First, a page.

|Publication number||US4414983 A|
|Application number||US 06/294,126|
|Publication date||15 Nov 1983|
|Filing date||19 Aug 1981|
|Priority date||12 Sep 1980|
|Publication number||06294126, 294126, US 4414983 A, US 4414983A, US-A-4414983, US4414983 A, US4414983A|
|Inventors||John M. Evans, Keith Gilroy|
|Original Assignee||John M. Evans, Smiths Industries Public Limited Company|
|Export Citation||BiBTeX, EndNote, RefMan|
|Patent Citations (9), Referenced by (19), Classifications (6), Legal Events (5)|
|External Links: USPTO, USPTO Assignment, Espacenet|
This invention relates to medico-surgical instruments. The invention is, more particularly, concerned with instruments for use in detecting the epidural, or other body, space.
In epidural anaesthesia an anaesthetic drug is administered through a small-bore cannular or needle, one end of which is located within the patient's epidural space. The cannula is correctly positioned by means of a hollow-bore Tuohy needle that is pushed through the spinal ligaments into the epidural space, the cannula then being fed through the bore of the needle which is subsequently withdrawn to leave the cannula in place. In the past, difficulties have been experienced in correctly positioning the Tuohy needle. If the Tuohy needle is pushed too far it penetrates the matter underlying the epidural space and discomfort can be caused to the patient.
It is an object of the present invention to provide an instrument that can be used to facilitate positioning of the Tuohy needle and reduce the risk of it being inserted too far.
According to one aspect of the present invention there is provided a medico-surgical instrument for use in inserting a hollow-bored needle into a body space, the instrument including a barrel member; a plunger moveable within said barrel member, the barrel member and the plunger together defining a cavity of variable volume that is arranged to open into the bore of said needle; and resilient means acting to urge said plunger and barrel member together so as to tend to reduce the volume of said cavity and thereby force fluid from said cavity through said bore when said needle penetrates said body space, the instrument being arranged to permit flow of fluid from outside said instrument into said cavity upon increasing the volume of said cavity.
The barrel member may be formed with passage means permitting flow of fluid from outside said instrument into said caviity when said cavity exceeds a predetermined volume.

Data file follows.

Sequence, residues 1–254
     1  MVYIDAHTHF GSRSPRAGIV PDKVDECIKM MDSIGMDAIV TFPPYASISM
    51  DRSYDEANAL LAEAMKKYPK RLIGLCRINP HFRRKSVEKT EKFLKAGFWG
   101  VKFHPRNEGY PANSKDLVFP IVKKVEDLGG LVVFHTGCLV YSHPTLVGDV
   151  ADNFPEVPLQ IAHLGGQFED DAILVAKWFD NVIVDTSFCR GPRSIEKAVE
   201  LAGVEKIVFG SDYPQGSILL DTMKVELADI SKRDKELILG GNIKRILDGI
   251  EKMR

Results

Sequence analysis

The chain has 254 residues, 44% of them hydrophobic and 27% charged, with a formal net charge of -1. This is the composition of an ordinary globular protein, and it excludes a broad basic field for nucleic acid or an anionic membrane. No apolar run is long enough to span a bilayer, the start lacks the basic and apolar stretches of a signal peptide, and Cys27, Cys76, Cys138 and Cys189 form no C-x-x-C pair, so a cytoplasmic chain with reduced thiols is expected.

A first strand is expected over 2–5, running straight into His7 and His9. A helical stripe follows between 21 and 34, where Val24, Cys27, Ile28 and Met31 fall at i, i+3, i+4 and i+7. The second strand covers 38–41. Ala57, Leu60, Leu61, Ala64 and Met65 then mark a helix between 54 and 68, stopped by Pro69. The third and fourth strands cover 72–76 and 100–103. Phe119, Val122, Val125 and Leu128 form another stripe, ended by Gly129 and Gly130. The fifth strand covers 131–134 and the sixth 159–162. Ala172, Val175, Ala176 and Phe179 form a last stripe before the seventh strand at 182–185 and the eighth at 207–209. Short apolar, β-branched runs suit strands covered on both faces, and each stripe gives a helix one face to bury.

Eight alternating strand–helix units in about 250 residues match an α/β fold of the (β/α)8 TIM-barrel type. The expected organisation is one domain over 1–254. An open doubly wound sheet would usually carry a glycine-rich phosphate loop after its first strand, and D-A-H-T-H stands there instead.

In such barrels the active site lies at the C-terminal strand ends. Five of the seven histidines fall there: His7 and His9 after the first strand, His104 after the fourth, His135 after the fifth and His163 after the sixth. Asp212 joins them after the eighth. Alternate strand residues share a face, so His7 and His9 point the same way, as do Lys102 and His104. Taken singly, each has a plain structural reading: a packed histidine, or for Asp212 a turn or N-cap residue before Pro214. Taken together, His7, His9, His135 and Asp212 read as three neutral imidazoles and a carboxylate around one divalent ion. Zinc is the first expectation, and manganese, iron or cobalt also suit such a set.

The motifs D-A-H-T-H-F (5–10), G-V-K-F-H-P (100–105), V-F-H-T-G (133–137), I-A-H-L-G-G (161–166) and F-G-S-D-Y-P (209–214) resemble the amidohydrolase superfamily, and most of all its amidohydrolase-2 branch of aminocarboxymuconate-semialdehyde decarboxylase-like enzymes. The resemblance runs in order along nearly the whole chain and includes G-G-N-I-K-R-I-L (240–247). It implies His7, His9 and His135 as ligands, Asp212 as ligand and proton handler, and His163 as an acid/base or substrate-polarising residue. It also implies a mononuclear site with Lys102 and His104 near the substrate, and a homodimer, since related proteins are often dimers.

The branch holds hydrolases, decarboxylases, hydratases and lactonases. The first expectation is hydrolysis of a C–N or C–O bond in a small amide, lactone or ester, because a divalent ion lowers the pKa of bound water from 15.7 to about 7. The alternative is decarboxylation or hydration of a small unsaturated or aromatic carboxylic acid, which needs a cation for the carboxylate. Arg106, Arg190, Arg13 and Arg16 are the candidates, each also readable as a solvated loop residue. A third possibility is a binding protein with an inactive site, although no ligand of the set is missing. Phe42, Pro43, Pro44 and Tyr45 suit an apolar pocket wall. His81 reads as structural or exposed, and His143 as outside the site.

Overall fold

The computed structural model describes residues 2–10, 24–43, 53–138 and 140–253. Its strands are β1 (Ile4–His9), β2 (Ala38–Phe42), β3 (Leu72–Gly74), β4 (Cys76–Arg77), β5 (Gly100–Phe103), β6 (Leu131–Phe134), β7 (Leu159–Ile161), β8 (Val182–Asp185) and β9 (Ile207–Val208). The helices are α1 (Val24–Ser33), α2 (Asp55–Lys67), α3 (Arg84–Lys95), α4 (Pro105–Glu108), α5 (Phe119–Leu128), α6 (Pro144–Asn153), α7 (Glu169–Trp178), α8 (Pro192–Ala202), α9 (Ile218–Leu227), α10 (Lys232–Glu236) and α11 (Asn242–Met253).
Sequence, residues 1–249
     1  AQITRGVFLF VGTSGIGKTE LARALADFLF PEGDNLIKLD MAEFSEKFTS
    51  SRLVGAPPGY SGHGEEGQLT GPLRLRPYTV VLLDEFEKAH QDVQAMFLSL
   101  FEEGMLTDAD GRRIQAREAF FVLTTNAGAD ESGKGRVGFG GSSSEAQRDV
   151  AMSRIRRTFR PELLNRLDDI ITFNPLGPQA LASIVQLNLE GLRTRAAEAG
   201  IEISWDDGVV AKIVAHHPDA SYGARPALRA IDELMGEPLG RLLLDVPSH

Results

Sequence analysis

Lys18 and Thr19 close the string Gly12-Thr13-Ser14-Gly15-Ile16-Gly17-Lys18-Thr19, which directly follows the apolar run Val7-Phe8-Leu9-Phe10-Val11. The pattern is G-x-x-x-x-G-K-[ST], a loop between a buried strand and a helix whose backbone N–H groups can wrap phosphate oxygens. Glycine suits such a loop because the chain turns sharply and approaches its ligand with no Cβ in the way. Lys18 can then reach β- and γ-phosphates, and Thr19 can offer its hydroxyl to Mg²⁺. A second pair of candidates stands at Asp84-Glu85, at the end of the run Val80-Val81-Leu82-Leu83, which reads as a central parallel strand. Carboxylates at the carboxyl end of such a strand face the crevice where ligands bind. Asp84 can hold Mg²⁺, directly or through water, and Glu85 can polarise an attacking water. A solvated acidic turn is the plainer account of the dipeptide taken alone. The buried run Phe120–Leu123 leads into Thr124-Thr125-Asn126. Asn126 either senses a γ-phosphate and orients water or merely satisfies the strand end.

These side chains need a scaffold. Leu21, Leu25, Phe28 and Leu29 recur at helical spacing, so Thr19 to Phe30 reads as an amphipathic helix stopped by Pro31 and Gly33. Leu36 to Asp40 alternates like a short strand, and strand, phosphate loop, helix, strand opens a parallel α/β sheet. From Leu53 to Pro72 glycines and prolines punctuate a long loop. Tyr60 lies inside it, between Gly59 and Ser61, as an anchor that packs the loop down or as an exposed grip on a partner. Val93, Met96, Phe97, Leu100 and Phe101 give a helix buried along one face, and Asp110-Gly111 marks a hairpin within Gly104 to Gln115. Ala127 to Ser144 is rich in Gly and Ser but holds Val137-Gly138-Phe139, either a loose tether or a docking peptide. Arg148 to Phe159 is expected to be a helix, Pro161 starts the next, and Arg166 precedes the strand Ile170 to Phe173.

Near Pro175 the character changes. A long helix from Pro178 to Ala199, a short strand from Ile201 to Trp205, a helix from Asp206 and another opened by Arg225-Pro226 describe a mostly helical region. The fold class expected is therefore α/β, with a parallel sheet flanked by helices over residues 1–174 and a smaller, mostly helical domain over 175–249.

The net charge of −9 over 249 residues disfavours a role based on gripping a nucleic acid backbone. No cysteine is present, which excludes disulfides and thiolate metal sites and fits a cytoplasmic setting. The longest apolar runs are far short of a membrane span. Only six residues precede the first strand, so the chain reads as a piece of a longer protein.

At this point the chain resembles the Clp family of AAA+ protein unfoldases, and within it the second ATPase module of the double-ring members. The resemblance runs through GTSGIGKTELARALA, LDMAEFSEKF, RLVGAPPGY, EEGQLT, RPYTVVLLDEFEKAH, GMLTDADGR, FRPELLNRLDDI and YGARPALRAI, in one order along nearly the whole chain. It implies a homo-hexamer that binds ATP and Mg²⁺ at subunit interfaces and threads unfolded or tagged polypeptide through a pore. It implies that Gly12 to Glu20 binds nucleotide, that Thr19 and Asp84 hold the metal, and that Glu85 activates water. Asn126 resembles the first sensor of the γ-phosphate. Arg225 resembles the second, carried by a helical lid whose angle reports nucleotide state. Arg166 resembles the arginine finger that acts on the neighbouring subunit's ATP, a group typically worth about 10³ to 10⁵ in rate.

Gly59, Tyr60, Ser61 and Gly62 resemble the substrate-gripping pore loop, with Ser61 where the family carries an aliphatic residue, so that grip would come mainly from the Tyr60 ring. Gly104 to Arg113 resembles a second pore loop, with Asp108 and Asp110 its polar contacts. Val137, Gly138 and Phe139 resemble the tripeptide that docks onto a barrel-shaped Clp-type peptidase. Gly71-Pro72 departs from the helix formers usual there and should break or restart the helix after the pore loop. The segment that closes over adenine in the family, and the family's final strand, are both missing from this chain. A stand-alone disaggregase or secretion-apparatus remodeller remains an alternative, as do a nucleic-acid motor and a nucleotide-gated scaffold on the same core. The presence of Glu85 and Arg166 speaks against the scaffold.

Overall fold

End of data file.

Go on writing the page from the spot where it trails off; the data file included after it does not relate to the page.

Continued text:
According to another aspect of the present invention there is provided a medico-surgical instrument for use in inserting a hollow-bored needle into a body space, the instrument including a barrel member; a plunger moveable within said barrel member, the barrel member and the plunger together defining a cavity of variable volume that opens into the bore of said needle; resilient means acting to urge said plunger and barrel member together so as to tend to reduce the volume of said cavity and thereby force fluid in said cavity through said bore when said needle penetrates said body space; and passage means arranged to permit flow of fluid from outside said instrument into said cavity when said cavity exceeds a predetermined volume.
The passage means may include a groove formed along the inside of said barrel member, said groove being spaced from the end of the barrel member proximate said needle. Alternatively, said passage means may include an aperture formed through the wall of said barrel member and spaced from the end of the barrel member proximate said needle.
In use, fluid flow through the needle is prevented by contact of the spinal ligaments, or other body tissue, with the opening at the tip of the needle. The plunger and barrel are pulled away from one another to increase the volume of the cavity and permit entry of air. The resilient means then urges the plunger and barrel together trapping the air in the cavity. The plunger and barrel remain extended, because of the volume of trapped air, until the tip of the needle is unblocked on entry into the epidural, or other body, space. At this time, air is forced out of the tip of the needle by the resilient means, thereby causing relative movement of the plunger with respect to the barrel. By observing this movement the surgeon recognizes that the needle has entered the epidural, or other body, space.
An epidural space detector instrument, in accordance with the present invention, will now be described, by way of example, with reference to the accompanying drawings:
FIG. 1 is a partially sectional side elevation, to an enlarged scale, of the instrument mounted on a Tuohy needle;
FIG. 2 is a cross-section of the instrument along the line II--II; and
FIGS. 3A to 3E illustrate, on a reduced scale, the instrument in use.
With reference to FIGS. 1 and 2, the epidural space detector instrument comprises a barrel 1 within which a plunger 2 is urged forwardly by a resilient strap 3.
The barrel 1 is of cylindrical shape and circular cross-section being about 8 cm long and 1.5 cm in diameter, although any alternative cross-sectional shape could be used. The barrel is made of a rigid polypropylene plastics material. A reduced-diameter nose portion 10 projects from the forward end of the barrel, the nose portion being inserted within the rear end 11 of a standard Tuohy needle 12. About 2 cm to the rear of the forward end of the barrel 1 the inner surface of the barrel is formed with a passage or groove 13 of rectangular section which extends rearwardly along the length of the barrel. Towards the rear end 14 of the barrel 1 there is formed an inwardly-directed lip 15 that prevents inadvertent withdrawal of the plunger 2 from the barrel. Two lugs 16 project radially outwards at the rear end 14, each lug being provided with a slot 17 for receiving opposite ends of the strap 3.